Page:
The nose-wheels of a Singapore Airlines aeroplane gave way while the aircraft was being prepared for takeoff at the weekend. The Southeast Asian carrier released a statement saying that the incident had occurred at Singapore’s Changi Airport on Sunday morning and that nobody had been injured.
The statement continued by saying that no flight or cabin crew were aboard the Airbus A330-300, but there was an engineer. It explained the nose-gear caved in while the engineer was testing the landing gear.
Singapore Airlines said a formal damage assessment had not been carried out yet. The statement noted that the airline’s management and engineering staff would be cooperating fully with civil aviation authorities on all investigations into the matter.
The Airbus had flown from Pudong Airport in Shanghai and landed at Changi after midnight on Saturday. It was due to be utilised on Flight SQ890 from Changi to Hong Kong and was scheduled to depart at 07:35 on Sunday.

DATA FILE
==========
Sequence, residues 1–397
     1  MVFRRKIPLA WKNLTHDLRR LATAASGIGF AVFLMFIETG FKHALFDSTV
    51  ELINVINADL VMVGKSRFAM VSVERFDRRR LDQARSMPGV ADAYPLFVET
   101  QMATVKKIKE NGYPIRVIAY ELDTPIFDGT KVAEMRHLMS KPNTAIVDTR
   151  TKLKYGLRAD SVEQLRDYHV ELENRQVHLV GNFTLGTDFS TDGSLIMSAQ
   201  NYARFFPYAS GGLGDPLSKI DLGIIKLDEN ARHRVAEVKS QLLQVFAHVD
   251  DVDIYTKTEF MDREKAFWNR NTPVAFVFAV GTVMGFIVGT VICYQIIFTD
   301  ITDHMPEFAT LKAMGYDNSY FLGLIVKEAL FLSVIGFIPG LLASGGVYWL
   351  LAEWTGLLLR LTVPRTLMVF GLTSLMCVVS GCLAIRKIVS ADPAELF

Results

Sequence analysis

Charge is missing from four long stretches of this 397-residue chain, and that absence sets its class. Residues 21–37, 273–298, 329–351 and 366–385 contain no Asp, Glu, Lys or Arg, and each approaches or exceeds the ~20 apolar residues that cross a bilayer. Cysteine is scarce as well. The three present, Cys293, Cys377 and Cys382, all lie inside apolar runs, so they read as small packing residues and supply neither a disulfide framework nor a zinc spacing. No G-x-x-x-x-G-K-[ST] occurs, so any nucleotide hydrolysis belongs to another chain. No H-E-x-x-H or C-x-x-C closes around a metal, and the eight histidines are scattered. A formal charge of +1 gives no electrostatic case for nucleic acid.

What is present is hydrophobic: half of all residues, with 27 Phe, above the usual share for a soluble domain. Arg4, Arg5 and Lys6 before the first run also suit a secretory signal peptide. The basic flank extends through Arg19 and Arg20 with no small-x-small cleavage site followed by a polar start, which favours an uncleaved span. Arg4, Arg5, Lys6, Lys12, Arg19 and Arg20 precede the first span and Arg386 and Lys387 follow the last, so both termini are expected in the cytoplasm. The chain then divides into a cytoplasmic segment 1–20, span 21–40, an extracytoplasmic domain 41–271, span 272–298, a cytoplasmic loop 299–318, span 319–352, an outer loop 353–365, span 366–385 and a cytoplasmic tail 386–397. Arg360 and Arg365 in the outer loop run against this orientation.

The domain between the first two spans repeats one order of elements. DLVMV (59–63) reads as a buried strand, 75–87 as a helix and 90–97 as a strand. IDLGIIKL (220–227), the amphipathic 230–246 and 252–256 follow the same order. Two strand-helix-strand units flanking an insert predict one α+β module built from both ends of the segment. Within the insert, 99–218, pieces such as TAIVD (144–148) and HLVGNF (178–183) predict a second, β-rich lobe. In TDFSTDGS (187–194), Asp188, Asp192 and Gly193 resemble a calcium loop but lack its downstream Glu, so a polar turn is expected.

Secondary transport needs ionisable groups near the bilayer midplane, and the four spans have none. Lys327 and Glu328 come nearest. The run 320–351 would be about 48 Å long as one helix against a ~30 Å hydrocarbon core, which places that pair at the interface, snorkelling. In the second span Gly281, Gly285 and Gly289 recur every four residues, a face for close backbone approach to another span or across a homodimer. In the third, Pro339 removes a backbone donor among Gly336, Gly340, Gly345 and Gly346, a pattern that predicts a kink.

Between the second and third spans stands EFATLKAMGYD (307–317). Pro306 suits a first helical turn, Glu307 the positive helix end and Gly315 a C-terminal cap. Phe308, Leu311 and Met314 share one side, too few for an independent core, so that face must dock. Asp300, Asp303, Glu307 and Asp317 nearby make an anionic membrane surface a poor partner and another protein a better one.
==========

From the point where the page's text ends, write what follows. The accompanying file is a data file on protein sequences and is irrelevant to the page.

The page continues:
As the wounded aircraft had to be towed away, another aircraft was used for SQ890’s passengers and it departed about 40 minutes late. Airline industry sources at Changi say the damaged A330-300 had been in service since April 2009.
Singapore Airlines has a safety record that is the envy of other global airlines. The only major incidents were a hijacking in 1991 and a crash in 2000 which saw the airline record its first deaths.
Sunday’s mishap was the second this year. In May, another Airbus A330-300 plummeted 13,000-feet after losing power to both of its engines. The flight crew managed to correct the issue and the flight was able to fly on to its final destination.